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How do I make REALLY CREAMY potato salad?

Q:

How do I make REALLY CREAMY potato salad? Does adding apple cider vinegar to the cooked potatoes while they're cooling help with the creaminess? I have a friend who makes a really creamy potato salad (it's very plain with no addition of celery or eggs) and when asked what the secret is she just said she adds a good mayonnaise. Is there a secret to make it really creamy?

A:

What a great question, almost everyone loves potato salad however everyone has their own idea of what makes the perfect creamy potato salad. My parents both grew up east of the Rockies, Mom in Alabama and Dad in Massachusetts and they both loved the flavor of Hellmann’s Blue Ribbon Mayonnaise in a creamy potato salad. When they moved to Denver in the fifties, Mom was convinced that the creamy potato salad she made with Hellmann’s tasted different than the salad made with Best Foods even though the parent company said they were the same. Hellmann’s started up from selling homemade mayo out of a deli in NYC, and began making it commercially in 1913.  The reason I bring this up… most people in the United States have used Hellmann’s or Best Foods to make potato salads for generations with one of these mayonnaise options rather than making from fresh eggs. So, let’s start with this ingredient to make a creamy Idaho potato salad.

Russets will crumble a little when making potato salad, also adding a nice creaminess. The best method for evenly cooked Idaho russet potatoes is to peel first, cut into even sized chunks and then starting with cold water, bring to a boil. The chunks can vary in size slightly, try 1 ½ to 2 inches max. This works better than boiling whole potatoes as the outside is always done before the insides so there is a tendency to overcook the potatoes. Check it with a knife or fork and take the potatoes off the heat once you can smush the cooked spuds, usually 15-20 minutes max.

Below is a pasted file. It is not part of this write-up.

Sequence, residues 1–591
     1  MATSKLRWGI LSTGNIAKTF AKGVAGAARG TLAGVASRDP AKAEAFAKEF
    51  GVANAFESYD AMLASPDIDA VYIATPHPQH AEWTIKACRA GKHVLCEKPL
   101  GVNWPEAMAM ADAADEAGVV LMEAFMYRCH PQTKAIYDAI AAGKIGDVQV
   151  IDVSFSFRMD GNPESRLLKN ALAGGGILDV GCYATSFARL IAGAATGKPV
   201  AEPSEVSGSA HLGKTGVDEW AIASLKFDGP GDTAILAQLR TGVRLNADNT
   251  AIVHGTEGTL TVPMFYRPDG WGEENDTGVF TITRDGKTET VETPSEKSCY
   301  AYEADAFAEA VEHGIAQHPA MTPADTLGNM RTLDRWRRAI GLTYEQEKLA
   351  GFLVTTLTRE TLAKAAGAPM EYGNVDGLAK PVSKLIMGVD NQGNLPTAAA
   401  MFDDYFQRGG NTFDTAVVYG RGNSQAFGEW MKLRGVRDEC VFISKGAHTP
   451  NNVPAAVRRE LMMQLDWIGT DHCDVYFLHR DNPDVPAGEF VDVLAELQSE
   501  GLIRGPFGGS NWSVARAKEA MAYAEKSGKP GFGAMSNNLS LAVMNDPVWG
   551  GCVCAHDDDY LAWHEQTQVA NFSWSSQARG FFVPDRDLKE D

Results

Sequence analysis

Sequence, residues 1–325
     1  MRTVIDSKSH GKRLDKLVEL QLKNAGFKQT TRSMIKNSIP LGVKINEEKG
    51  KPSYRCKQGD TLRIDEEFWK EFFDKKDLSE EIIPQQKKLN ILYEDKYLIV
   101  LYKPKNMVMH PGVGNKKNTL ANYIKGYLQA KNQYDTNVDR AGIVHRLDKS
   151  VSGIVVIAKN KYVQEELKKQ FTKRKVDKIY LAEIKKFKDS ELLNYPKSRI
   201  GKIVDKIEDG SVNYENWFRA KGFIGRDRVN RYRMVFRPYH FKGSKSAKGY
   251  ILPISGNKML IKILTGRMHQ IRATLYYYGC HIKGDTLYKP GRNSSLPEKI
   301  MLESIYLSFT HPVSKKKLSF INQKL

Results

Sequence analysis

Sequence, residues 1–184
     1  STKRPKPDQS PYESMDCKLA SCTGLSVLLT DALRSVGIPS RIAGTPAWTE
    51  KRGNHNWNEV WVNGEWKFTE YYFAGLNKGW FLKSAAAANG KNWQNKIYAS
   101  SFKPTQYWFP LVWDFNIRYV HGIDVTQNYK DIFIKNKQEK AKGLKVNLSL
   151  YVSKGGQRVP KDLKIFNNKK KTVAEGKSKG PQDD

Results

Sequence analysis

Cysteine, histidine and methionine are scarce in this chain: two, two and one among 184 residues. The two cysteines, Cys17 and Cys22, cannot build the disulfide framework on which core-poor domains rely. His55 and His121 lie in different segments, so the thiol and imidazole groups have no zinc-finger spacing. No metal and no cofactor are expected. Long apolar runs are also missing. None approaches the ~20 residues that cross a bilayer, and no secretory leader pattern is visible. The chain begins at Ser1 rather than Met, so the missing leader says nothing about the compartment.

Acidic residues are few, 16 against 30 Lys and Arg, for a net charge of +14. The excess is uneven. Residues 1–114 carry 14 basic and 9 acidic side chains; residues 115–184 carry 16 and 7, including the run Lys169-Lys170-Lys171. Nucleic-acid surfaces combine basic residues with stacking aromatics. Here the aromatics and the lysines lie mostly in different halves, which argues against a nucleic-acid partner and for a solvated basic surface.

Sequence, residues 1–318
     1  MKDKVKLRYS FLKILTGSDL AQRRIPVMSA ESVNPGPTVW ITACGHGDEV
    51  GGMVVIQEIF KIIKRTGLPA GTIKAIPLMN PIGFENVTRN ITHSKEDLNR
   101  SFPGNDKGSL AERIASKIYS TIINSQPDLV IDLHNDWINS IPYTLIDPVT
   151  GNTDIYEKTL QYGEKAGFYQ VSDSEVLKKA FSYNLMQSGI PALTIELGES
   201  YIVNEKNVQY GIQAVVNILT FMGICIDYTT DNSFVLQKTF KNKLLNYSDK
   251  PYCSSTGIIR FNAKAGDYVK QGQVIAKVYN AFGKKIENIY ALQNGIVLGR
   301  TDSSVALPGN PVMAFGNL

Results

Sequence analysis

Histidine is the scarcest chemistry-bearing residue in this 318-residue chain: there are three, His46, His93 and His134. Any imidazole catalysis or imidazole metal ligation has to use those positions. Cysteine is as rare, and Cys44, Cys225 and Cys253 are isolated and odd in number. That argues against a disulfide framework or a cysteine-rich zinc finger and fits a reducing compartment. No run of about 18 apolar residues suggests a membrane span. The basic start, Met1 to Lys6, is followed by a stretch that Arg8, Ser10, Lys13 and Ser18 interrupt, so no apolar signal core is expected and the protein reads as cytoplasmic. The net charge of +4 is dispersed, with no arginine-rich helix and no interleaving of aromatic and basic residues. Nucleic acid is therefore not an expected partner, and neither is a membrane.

I like to mix all the ingredients, mayonnaise, vinegar or pickle juice, mustard and dried spices together and then add in the drained potatoes while warm so they soak up the liquids. Some cooks let the potatoes cool and then add in the mixture and toss lightly. Both methods work, but always taste before serving as potatoes will absorb a lot of the flavors and may need more to bring out the flavor.

Magazines like Good Housekeeping, Betty Crocker and Better Homes & Gardens years ago typically used to use a much higher ratio of mayonnaise to potatoes than modern creamy potato salads. You might try these early versions… 1 ½ potatoes to 1 ½ cups of mayo in some recipes, 2 pounds of potatoes to ¾ cup of mayo for example. Modern recipes back off on how much mayonnaise, 1 ½ cups of potatoes to as little as ½ cup to 1/3rd. Another option, replace some of the mayo with buttermilk. Mr. Food has a recipe for four pounds of potatoes, 1 ½ cups of mayonnaise and adds in 1 cup of sour cream.

Apple cider vinegar, white wine vinegar or pickle juice is used mostly for flavoring, giving a nice tang to a creamy potato salad. Substitute lighter versions of the dairy if you’d like to cut calories. One of my favorite potato salads calls for a small amount of mayo, 2-4 tablespoons and substitutes a creamy Italian dressing.